Chosen by God




  PSALM 147:12-20

12  Praise the Lord, O Jerusalem! 
          Praise your God, O Zion! 
13  For he strengthens the bars of your gates; 
          he blesses your children within you. 
14  He grants peace within your borders; 
          he fills you with the finest of wheat. 
15  He sends out his command to the earth; 
          his word runs swiftly. 
16  He gives snow like wool; 
          he scatters frost like ashes. 
17  He hurls down hail like crumbs — 
          who can stand before his cold? 
18  He sends out his word, and melts them; 
          he makes his wind blow, and the waters flow. 
19  He declares his word to Jacob, 
          his statutes and ordinances to Israel. 
20  He has not dealt thus with any other nation; 
          they do not know his ordinances. 
     Praise the Lord!


3Blessed be the God and Father of our Lord Jesus Christ, who has blessed us in Christ with every spiritual blessing in the heavenly places, 4just as he chose us in Christ before the foundation of the world to be holy and blameless before him in love. 5He destined us for adoption as his children through Jesus Christ, according to the good pleasure of his will, 6to the praise of his glorious grace that he freely bestowed on us in the Beloved. 7In him we have redemption through his blood, the forgiveness of our trespasses, according to the riches of his grace 8that he lavished on us. With all wisdom and insight 9he has made known to us the mystery of his will, according to his good pleasure that he set forth in Christ,10as a plan for the fullness of time, to gather up all things in him, things in heaven and things on earth.11In Christ we have also obtained an inheritance, having been destined according to the purpose of him who accomplishes all things according to his counsel and will, 12so that we, who were the first to set our hope on Christ, might live for the praise of his glory. 13In him you also, when you had heard the word of truth, the gospel of your salvation, and had believed in him, were marked with the seal of the promised Holy Spirit; 14this is the pledge of our inheritance toward redemption as God’s own people, to the praise of his glory.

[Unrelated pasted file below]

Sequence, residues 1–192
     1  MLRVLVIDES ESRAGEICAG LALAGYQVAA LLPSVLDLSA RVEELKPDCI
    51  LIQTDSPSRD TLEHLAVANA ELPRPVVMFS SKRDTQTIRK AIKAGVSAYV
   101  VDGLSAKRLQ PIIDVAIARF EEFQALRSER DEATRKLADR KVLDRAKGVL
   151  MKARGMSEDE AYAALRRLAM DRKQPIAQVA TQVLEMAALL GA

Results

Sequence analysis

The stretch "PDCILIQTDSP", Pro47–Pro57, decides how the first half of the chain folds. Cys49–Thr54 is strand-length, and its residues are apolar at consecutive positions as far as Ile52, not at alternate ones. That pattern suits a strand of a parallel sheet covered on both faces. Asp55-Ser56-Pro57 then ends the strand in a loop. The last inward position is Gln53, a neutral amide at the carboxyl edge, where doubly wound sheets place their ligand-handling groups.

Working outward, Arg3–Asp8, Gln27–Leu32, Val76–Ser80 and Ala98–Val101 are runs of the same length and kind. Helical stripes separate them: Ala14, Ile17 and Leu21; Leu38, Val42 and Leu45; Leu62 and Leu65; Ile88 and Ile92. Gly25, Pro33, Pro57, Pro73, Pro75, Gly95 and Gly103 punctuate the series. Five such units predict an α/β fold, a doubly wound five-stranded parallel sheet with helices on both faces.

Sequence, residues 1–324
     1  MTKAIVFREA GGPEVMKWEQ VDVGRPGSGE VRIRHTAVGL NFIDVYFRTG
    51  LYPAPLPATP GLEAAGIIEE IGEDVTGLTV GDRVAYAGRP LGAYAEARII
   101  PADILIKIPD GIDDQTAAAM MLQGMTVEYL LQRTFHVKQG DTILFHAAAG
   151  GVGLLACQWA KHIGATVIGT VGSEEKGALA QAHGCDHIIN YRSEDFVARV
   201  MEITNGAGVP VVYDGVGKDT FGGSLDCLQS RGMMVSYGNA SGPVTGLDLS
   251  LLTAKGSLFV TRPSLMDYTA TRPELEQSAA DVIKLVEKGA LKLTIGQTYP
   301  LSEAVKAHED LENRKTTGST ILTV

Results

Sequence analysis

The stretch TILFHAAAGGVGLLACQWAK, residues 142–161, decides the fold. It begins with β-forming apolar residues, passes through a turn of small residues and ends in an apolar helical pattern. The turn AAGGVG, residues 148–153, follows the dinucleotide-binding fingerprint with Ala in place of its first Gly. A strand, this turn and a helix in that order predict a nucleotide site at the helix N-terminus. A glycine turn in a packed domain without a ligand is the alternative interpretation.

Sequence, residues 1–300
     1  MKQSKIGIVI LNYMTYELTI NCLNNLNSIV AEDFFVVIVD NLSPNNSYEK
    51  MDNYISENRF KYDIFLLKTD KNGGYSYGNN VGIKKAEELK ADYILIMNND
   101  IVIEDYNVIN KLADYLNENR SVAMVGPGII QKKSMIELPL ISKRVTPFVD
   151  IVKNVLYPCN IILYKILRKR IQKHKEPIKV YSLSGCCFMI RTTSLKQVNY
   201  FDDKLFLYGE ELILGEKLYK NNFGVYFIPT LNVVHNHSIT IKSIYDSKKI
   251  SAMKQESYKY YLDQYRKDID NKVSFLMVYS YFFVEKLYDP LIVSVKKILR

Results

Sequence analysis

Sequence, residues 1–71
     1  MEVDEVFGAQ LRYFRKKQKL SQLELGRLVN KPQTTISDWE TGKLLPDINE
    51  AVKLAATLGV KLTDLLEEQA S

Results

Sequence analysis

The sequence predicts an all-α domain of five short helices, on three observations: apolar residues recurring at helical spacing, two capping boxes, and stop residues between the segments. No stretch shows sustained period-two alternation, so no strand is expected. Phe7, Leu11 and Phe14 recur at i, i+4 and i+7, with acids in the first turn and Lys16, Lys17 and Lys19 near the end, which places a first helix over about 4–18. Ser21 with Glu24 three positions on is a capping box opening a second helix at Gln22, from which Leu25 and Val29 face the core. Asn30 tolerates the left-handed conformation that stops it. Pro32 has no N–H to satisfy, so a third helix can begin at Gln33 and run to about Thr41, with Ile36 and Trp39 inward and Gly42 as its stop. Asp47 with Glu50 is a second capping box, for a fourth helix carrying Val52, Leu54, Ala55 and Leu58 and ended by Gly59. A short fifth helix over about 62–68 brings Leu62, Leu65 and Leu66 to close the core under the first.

GOSPEL JOHN 1:(1-9) 10-18

1In the beginning was the Word, and the Word was with God, and the Word was God. 2He was in the beginning with God. 3All things came into being through him, and without him not one thing came into being. What has come into being 4in him was life, and the life was the light of all people. 5The light shines in the darkness, and the darkness did not overcome it.

6There was a man sent from God, whose name was John. 7He came as a witness to testify to the light, so that all might believe through him. 8He himself was not the light, but he came to testify to the light. 9The true light, which enlightens everyone, was coming into the world.

10He was in the world, and the world came into being through him; yet the world did not know him. 11He came to what was his own, and his own people did not accept him. 12But to all who received him, who believed in his name, he gave power to become children of God, 13who were born, not of blood or of the will of the flesh or of the will of man, but of God.

14And the Word became flesh and lived among us, and we have seen his glory, the glory as of a father’s only son, full of grace and truth. 15(John testified to him and cried out, “This was he of whom I said, ‘He who comes after me ranks ahead of me because he was before me.’”) 16From his fullness we have all received, grace upon grace. 17The law indeed was given through Moses; grace and truth came through Jesus Christ. 18No one has ever seen God. It is God the only Son, who is close to the Father’s heart, who has made him known.